Nurse Ashley Ganger honored with DAISY Award

August 17, 2022

Ashley Ganger, a registered nurse who divides her time between Goshen Hospital’s Emergency Department and NeuroCare Center Goshen Physicians, received two nominations for Goshen Health’s DAISY (Diseases Attacking the Immune SYstem) Award. The award is part of an international program to honor and celebrate the skillful, compassionate care nurses provide every day.
The first nomination from Jessica Cripe described the care her son received in Emergency: “She went above and beyond. My son had to visit the ER. He was hysterical because he was afraid of what they were going to have to do to him. Ashley came in and calmed him down. She was calm and compassionate. She could tell certain things were going to upset him more and she avoided those words while still being informative and communicating what was going to happen. When I needed to use the restroom, my son was afraid to be alone. I asked if she would stay with him while I went. She didn’t hesitate and said ‘absolutely.’ As I was coming back, I could hear her chit-chatting with my son. I asked my son what they talked about and he said ‘life and just general stuff.’ After leaving, my son said, ‘I’ve never had a nurse that nice that seemed to really care.’ … If we ever have to visit the ER again I hope she is there and is our nurse.”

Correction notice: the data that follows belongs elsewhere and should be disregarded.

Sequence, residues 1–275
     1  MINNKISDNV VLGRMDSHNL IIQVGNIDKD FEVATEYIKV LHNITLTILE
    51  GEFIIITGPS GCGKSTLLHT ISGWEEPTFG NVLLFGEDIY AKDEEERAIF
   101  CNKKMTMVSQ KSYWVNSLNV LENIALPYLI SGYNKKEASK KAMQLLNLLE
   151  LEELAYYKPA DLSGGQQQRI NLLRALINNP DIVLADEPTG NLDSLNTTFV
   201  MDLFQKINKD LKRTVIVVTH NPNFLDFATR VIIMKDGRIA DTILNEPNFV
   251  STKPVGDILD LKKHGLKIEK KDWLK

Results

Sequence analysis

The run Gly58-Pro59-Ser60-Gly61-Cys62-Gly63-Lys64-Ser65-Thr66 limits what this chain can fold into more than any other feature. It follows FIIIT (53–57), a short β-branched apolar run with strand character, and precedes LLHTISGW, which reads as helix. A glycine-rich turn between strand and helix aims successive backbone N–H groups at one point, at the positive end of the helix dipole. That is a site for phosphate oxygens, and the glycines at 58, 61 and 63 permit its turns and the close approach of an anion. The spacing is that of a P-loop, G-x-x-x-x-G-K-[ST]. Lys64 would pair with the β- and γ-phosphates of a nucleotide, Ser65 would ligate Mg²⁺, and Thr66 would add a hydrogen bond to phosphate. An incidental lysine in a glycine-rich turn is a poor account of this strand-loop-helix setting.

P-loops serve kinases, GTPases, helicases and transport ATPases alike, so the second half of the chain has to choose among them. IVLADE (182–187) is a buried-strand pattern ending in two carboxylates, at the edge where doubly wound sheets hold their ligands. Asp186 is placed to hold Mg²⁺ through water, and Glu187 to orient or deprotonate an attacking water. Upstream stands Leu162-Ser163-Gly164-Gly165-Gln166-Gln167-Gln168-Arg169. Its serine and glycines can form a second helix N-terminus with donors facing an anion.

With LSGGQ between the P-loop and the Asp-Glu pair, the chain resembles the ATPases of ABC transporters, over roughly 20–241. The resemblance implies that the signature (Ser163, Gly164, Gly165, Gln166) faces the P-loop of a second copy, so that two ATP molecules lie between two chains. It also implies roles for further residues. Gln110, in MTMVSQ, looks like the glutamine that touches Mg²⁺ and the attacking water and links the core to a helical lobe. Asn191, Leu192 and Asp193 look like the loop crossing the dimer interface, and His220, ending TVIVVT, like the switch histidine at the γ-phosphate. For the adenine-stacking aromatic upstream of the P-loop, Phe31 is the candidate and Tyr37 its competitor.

The second nomination was from Deb Detweiler, who wrote, “From the minute Ashley came into the room I felt better. She was calm, so I could be calm. Never a question that I was in good hands. We had some of the same life experiences and it was real, not just words to pass the time. I was treated well from the moment I got there until the moment I left by everyone I came into contact with, but she stands out.… Her confidence and caring made my experience so much easier.”
To nominate a nurse at Goshen Health for the DAISY Award, go to The DAISY Foundation (who promotes and distributes the awards) was established by the family of J. Patrick Barnes after he died from complications of the auto-immune disease ITP in 1999. During his hospitalization, they deeply appreciated the care and compassion shown to Patrick and his entire family. When he died, they felt compelled to say “thank you” to nurses in a very public way. To learn more, visit